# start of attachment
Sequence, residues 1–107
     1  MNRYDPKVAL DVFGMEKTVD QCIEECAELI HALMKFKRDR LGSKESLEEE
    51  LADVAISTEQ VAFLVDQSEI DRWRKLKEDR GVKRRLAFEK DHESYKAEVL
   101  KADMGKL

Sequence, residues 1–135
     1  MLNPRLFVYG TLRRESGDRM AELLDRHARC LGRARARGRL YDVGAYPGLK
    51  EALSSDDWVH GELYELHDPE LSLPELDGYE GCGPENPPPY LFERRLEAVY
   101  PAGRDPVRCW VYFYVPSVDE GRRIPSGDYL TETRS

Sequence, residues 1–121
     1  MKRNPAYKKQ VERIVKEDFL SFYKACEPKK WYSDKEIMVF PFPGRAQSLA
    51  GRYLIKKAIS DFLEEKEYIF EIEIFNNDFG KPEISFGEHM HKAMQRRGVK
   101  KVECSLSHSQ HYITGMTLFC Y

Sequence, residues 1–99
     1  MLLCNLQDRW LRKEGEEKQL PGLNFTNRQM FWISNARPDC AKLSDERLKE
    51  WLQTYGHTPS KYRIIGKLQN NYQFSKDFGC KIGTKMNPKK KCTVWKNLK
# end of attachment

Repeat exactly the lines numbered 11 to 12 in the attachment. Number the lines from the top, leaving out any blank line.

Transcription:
    51  GRYLIKKAIS DFLEEKEYIF EIEIFNNDFG KPEISFGEHM HKAMQRRGVK
   101  KVECSLSHSQ HYITGMTLFC Y